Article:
“Flattery? Flannel…? Sorry, I don’t think I know this word”, I blubbered, pausing Pauline mid-sentence as she began to explain the inseparable nature of Hermès and the art of flânerie over one eggy breakfast at Berners Tavern. What a funny word. Turns out it’s one of those untranslatable foreign words that mean a multitude of things in English yet is so satisfyingly encompassing when you finally understand exactly what it is. A complex word, like love, or sort of like when girls say ‘fine’ to their boyfriends during a quarrel.
I’d like to think that I’ve had my own versions of that word before learning of it. Maybe that time when I was 12 and obsessed with aimlessly rollerblading around the neighbourhood alone, imaginings different lives in the houses I passed by – that was called ‘mum I’m going out with friends’ (usually met by ‘what friends? you don’t have any friends’). In uni I befriended Ellen, a fellow flâneur – and it’d take one of us to simply cock a head towards a back street and that was code for ‘we’re not going home anytime soon’. We ambled, wandered and strolled the streets of London, unconsciously categorising quirks and novelties of the city as we happened on them.
Fast forward to now, in the city that birthed the very word – Paris. It was much the same but a different enjoyment, learning the art of being a flâneur with the true master in its art, Hermès. We, along with Susie Bubble, set out from Palais Royal and meandered through time-worn galleries and under ornate, covered passageways from the 18th century; from 1st Arrondissement to the 9th, losing all sense of time and rejoicing in the lack of an objective. Or at least until our stomachs started a to-do list and put itself at the very top, which we promptly ticked off at Caffe Stern, an engraving-shop-turned-Venetian-restaurant (by David Lanher and designed by Philippe Starck).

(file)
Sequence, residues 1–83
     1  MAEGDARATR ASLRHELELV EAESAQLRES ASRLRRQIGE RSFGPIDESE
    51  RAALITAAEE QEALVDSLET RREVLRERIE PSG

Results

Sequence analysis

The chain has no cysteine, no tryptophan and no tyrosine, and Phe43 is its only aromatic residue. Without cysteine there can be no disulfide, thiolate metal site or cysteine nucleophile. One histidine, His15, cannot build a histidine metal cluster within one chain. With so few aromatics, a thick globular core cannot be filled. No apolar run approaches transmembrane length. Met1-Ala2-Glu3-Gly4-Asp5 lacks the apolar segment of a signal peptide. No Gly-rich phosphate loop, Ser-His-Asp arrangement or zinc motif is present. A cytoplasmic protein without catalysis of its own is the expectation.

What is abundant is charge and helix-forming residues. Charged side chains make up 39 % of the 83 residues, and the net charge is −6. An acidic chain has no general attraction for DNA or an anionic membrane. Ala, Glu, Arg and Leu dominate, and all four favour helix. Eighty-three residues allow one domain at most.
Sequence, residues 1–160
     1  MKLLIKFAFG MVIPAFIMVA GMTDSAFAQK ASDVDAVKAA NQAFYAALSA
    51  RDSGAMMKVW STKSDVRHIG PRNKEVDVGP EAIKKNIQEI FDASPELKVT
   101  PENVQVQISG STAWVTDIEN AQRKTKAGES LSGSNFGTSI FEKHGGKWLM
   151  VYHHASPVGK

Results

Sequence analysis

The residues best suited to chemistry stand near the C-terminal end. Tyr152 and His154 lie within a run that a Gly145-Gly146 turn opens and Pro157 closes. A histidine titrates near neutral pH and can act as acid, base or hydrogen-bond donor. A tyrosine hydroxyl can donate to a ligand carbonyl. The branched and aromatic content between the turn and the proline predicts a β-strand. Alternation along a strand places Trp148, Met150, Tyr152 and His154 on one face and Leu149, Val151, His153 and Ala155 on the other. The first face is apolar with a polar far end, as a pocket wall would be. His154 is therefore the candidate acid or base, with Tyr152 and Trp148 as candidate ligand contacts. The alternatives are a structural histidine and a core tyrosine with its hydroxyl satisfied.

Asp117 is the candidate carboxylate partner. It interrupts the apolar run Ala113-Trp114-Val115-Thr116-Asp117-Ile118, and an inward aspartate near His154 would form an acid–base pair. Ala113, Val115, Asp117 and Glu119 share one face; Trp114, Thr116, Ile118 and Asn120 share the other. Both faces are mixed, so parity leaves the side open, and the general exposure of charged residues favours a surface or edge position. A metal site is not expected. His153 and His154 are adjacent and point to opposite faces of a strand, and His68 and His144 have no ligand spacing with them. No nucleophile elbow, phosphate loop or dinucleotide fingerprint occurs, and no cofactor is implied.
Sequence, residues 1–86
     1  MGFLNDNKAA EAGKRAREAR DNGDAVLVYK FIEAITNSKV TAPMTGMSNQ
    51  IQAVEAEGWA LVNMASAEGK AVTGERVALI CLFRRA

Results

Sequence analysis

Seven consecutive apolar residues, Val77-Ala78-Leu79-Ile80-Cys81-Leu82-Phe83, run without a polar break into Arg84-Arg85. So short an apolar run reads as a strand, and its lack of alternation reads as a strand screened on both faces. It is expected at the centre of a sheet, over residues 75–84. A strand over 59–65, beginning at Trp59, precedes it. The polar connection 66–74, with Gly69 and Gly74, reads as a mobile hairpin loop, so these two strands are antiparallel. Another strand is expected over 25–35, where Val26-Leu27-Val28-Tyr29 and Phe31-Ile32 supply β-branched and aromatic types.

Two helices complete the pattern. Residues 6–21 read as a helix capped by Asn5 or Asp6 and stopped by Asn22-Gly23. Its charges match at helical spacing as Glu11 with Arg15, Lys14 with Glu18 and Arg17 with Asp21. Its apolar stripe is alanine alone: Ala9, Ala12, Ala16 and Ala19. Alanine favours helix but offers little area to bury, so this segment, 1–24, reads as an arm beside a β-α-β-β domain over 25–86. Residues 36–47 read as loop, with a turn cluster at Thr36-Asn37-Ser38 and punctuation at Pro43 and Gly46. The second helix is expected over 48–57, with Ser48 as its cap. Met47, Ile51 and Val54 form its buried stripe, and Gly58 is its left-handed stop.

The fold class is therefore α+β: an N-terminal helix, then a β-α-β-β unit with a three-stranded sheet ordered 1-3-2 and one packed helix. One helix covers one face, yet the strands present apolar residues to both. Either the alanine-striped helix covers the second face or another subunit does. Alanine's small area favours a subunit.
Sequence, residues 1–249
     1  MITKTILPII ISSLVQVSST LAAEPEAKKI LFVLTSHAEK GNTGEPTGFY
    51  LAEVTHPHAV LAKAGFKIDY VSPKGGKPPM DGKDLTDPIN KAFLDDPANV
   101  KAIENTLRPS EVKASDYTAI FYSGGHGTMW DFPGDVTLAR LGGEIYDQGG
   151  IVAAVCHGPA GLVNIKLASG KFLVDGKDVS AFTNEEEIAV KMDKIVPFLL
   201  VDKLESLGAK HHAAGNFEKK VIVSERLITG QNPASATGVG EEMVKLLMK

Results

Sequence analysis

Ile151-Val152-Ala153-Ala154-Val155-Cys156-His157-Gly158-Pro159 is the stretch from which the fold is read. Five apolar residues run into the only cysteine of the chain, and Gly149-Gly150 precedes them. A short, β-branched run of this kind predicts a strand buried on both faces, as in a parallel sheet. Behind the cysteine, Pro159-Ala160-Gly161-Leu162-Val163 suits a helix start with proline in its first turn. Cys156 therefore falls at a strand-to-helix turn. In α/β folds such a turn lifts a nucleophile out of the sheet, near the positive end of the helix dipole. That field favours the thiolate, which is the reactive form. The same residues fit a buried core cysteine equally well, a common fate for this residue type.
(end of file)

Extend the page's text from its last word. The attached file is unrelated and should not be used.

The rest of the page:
While I do attest to the fact that digital ‘wandering’ so totally can be a thing, and unearthing a good cat video as rewarding as finding a peculiar object off the street, true flanerie is defined by disconnecting oneself from the usual pace, and occupying with time, child-like curiosity and a discerning eye – all-in-all a luxury to be earned, even saved-up for. These values define Hermès, and therefore a perfect fit for the theme of the year and annual exhibition*. As we joined up with the bustle of the real world at the end of Passage Verdeau, a rather special treat awaited… stay tuned for part 2!
*Hermès Wanderland exhibition; 9th April to 2nd May; Saatchi Gallery, Duke of York’s HQ, King’s Road, London, SW3 4RY. Open 10am-6pm daily. Free entrance.
Coat – Dagmar. Bag – Monsieur Gavriel. Trousers – Zara. Shoes – Acne ‘Jensen’